# Formula symbol

DIN 1304 part 1-8
title Formula symbol
Regulates Formula symbols, formula set
1: 1994 General formula symbols
2: 1989 Meteorology and geophysics
3: 2006 Generation, transport and distribution of electrical energy
5: 1989 Fluid mechanics
6: 1992 Electrical communications engineering
7: 1991 Electrical machines
8: 1994 Converters with semiconductor components
Publishing year from 1989

Formula symbols (also: size symbols ) are symbols that are used to denote physical quantities . According to DIN 1304 ("Formula symbol") and ISO / IEC 80000 ("Sizes and units"), a formula symbol consists of a basic symbol and, if necessary, of subsidiary symbols, e.g. B. Indices . The basic characters are Latin and Greek upper and lower case letters. Subsidiary characters are letters, numbers or special characters (e.g. *, ', ~, ^). Basic characters consisting of several letters are not permitted, except for parameters ( sizes of the dimension number ) such as B. the Reynolds number . ${\ displaystyle {\ mathit {Re}}}$

The formula symbols are occasionally based on English or Latin technical terms. For example, a force is often referred to by the symbol , which is derived from the English force or the Latin fortitudo . ${\ displaystyle F}$

In accordance with DIN 1304 and DIN 1313 ("sizes"), the basic characters must be set in italics in print . DIN 1338 ("Formula notation and typesetting") recommends a font with serifs . Such a font prevents, for example, the confusion of the capital I ( ) with the small l ( ). ${\ displaystyle I}$${\ displaystyle l}$

## Application examples

${\ displaystyle R = {\ frac {U} {I}}}$means: The electrical resistance is equal to the electrical voltage divided by the electrical current strength .${\ displaystyle R}$ ${\ displaystyle U}$ ${\ displaystyle I}$
${\ displaystyle E = m \ cdot c ^ {2}}$means: The energy is equal to the mass times the square of the speed of light .${\ displaystyle E}$ ${\ displaystyle m}$ ${\ displaystyle c}$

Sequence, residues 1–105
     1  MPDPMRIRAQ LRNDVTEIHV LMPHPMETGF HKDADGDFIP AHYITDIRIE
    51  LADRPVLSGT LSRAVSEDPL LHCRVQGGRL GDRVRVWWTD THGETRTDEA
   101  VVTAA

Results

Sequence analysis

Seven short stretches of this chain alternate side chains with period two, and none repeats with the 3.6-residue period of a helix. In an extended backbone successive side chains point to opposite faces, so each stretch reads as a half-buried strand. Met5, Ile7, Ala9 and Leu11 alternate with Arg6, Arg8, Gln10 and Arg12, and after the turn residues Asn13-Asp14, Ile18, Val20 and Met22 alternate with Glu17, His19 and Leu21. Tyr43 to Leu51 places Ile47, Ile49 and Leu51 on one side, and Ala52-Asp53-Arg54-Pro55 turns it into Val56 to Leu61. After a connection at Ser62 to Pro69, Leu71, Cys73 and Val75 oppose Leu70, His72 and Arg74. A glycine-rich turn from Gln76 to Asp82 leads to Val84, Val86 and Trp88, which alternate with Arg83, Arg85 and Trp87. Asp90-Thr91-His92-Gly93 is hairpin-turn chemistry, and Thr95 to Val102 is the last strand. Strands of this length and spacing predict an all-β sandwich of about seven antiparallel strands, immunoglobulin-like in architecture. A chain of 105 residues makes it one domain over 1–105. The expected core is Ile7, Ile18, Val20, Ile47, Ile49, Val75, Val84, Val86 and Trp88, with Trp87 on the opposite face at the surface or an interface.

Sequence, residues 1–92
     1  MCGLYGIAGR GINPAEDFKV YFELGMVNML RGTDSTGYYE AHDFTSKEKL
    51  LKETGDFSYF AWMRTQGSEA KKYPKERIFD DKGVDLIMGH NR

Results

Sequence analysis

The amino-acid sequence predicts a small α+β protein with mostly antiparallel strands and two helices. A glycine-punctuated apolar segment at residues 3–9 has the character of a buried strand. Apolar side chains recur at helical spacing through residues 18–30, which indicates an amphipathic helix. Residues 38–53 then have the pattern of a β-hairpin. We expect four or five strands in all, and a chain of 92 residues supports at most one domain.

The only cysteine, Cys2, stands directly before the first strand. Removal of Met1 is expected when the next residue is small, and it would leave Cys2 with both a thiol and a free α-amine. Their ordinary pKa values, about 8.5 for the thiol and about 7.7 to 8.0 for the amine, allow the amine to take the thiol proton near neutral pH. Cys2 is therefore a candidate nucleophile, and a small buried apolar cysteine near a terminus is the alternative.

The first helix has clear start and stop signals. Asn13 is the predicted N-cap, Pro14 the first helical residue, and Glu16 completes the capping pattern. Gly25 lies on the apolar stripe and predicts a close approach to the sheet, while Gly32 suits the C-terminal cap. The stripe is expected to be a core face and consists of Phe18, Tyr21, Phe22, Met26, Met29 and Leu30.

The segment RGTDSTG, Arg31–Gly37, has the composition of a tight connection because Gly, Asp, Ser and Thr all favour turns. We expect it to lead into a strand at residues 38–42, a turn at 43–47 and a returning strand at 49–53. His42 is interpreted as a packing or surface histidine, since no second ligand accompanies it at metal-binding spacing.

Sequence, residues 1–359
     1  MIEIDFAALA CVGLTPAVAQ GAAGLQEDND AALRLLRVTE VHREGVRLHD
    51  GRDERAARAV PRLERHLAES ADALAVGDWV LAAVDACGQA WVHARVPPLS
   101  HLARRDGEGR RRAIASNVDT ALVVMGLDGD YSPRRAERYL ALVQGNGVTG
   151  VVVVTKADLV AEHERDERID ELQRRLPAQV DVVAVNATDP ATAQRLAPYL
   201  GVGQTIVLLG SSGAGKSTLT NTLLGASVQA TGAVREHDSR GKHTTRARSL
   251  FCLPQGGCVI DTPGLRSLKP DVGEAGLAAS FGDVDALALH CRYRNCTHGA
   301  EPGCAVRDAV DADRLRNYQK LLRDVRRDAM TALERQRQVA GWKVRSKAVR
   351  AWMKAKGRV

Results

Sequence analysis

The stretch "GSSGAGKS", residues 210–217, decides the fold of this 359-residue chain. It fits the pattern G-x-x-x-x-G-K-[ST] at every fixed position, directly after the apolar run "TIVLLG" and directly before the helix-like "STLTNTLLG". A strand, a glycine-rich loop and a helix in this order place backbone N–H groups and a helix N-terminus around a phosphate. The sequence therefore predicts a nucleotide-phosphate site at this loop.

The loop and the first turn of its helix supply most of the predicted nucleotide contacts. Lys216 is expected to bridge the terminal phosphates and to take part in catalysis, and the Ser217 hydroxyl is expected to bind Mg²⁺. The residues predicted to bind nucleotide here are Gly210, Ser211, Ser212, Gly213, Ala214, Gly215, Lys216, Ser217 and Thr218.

Formula symbols can only consist of one basic symbol - as shown in the previous examples - or they can contain additional symbols to further define the size. Examples of electrical voltage are:

${\ displaystyle U _ {\ sim}, \, U _ {-}}$: AC and DC components of a voltage
${\ displaystyle {\ hat {U}} = U _ {\ mathrm {s}} = {\ sqrt {2}} \ cdot U _ {\ mathrm {eff}}}$: Peak value and rms value for sinusoidal alternating voltage
${\ displaystyle \ mathrm {Re} \ {\ underline {U}} = {\ tfrac {1} {2}} ({\ underline {U}} + {\ underline {U}} ^ {\ ast})}$: Real part in complex notation

## Frequently used special characters in connection with formula symbols

meaning presentation example
Unit of measurement of a size square brackets around the symbol of the relevant size ${\ displaystyle [F]}$
Peak value Circumflex, "roof" ${\ displaystyle {\ hat {u}}}$
amount Amount bars ${\ displaystyle | x |}$
Average Overline ${\ displaystyle {\ overline {v}}}$
Expected value angle brackets ${\ displaystyle \ langle E \ rangle}$
Quantity transformed into another frame of reference apostrophe ${\ displaystyle x '}$
first (second) derivative according to location one (two) apostrophe (s) ${\ displaystyle \ varphi ', \, \ varphi' '}$
first (second) derivative with respect to time one (two) point (s) above the symbol ${\ displaystyle {\ dot {x}}, \, {\ ddot {x}}}$
complex conjugation superscript asterisk ${\ displaystyle \ Psi ^ {\ ast}}$
Vectors Arrow or bold face ${\ displaystyle {\ vec {v}}, \, {\ boldsymbol {v}}}$
Matrices Underline or bold type ${\ displaystyle {\ underline {I}}, \, \ mathbf {I}}$
Transposition superscript "T" ${\ displaystyle A ^ {\ mathsf {T}}}$
Adjoint superscript cross ${\ displaystyle A ^ {\ dagger}}$